A friend of mine, Robin Saylor, is an amazing mom to three great kids, fabulous wife to a cool husband and fellow homeschooler extraordinaire (and does lots of other remarkable things too)! I loved her recent post about Geography on her blog and asked her if I could share it with you all…and she agreed to be my first guest poster!! Thanks Robin!
I must admit – I am NOT smarter than a 5th Grader. That is, until I read the text book and give my brain a little refresher the night before I teach a lesson.
Seriously, I am learning SO much as I teach my kids this year. We are finally at a place where their learning is complex enough that it’s interesting to me but simple enough that they all understand it. Take for example history – fifth grade history text tells me that when Marco Polo’s dad and uncle first went to China the Khubla Khan sent a letter back to Italy with them to the Pope. The letter reqeusted that the Pope send 100 scholars, religious men and artists back to China to work for Khan. Fascinating. OK – still with me? What’s even more fascinating is that a few religious men did attempt to go back with the Polos but they freaked out and turned around a few weeks into the journey. This is cool stuff. Why don’t I remember this from grade school history? Then my mind wanders to the “what if” – what if 100 men had made the trek to China with the Polos – how would history has changed? Maybe someone (a-hem George!) should write a novel about that …
My point is this – I love learning. I love homeschooling. I love the education that we are getting as a family. I love getting excited about history and geography and then trying to spark that same excitement in my kids.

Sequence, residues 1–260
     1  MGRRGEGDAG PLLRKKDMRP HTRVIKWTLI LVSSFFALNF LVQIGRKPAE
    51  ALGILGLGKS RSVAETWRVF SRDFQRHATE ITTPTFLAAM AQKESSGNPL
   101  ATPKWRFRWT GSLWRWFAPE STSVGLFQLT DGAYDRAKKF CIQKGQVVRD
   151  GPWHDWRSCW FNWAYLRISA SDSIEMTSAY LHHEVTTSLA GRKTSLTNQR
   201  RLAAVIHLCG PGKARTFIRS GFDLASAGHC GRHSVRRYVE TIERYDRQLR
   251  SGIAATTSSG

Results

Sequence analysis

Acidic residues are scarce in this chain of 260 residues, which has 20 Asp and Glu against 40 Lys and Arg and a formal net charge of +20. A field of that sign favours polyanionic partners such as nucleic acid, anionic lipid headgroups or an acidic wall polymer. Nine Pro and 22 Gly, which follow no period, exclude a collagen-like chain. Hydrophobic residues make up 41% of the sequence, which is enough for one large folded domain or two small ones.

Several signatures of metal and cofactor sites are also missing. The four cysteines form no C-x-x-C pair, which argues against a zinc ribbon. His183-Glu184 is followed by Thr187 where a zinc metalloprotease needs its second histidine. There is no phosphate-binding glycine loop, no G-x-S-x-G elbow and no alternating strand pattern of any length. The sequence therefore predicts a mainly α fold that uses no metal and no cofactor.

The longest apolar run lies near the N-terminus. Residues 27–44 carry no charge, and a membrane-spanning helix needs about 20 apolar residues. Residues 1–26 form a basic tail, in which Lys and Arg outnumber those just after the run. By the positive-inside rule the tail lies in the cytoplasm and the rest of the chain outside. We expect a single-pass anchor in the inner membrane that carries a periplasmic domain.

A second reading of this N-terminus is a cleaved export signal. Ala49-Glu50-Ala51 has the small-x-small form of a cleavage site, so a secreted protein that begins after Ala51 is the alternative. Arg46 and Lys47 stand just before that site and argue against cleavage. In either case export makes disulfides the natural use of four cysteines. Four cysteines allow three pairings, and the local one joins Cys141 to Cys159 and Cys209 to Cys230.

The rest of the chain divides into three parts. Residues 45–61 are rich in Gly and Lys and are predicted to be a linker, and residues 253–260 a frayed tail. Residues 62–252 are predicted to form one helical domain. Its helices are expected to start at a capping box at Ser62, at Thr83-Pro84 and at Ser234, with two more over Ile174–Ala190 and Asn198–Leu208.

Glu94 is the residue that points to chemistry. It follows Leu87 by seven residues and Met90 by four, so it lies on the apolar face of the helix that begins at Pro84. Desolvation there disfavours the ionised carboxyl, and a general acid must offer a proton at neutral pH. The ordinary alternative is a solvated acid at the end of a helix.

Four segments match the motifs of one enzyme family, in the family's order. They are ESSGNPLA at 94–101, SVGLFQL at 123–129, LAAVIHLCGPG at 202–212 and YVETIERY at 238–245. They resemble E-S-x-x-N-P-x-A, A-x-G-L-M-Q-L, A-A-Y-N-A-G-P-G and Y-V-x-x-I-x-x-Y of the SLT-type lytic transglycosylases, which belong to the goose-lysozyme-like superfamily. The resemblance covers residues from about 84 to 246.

Somewhere in my surfing the net for homeschool curriculum I came across a brilliant idea for teaching Geography. It’s simple. It’s so simple I almost rejected it.
Here it is.
Once a month you do a puzzle.
For the younger kids you do this floor puzzle that emphasises the continents and the oceans.
For the older kids you pull out this 600 piece puzzle of the world.
600 pieces! The puzzle piece is the shape of the country for the smaller countries.
Larger countries are broked down into provinces or states.
Simple, isn’t it? Not easy, but simple.
So we’re on week one of month one. The puzzle is in progress. The goal is that by month 10 we will know the countries well enough that the puzzle will come together pretty quick.
Tomorrow we are building a mini-green house. We’re vermi-composting and we’re planting herbs. This is a blast! I’m so thankful to have the opportunity to take fifth grade all over again – I just hope that my kids don’t have to wait until they are almost 40 to see how cool this really is!
Thanks Robin…what are you all doing to help your kids learn…in and out of a classroom?? Please share!!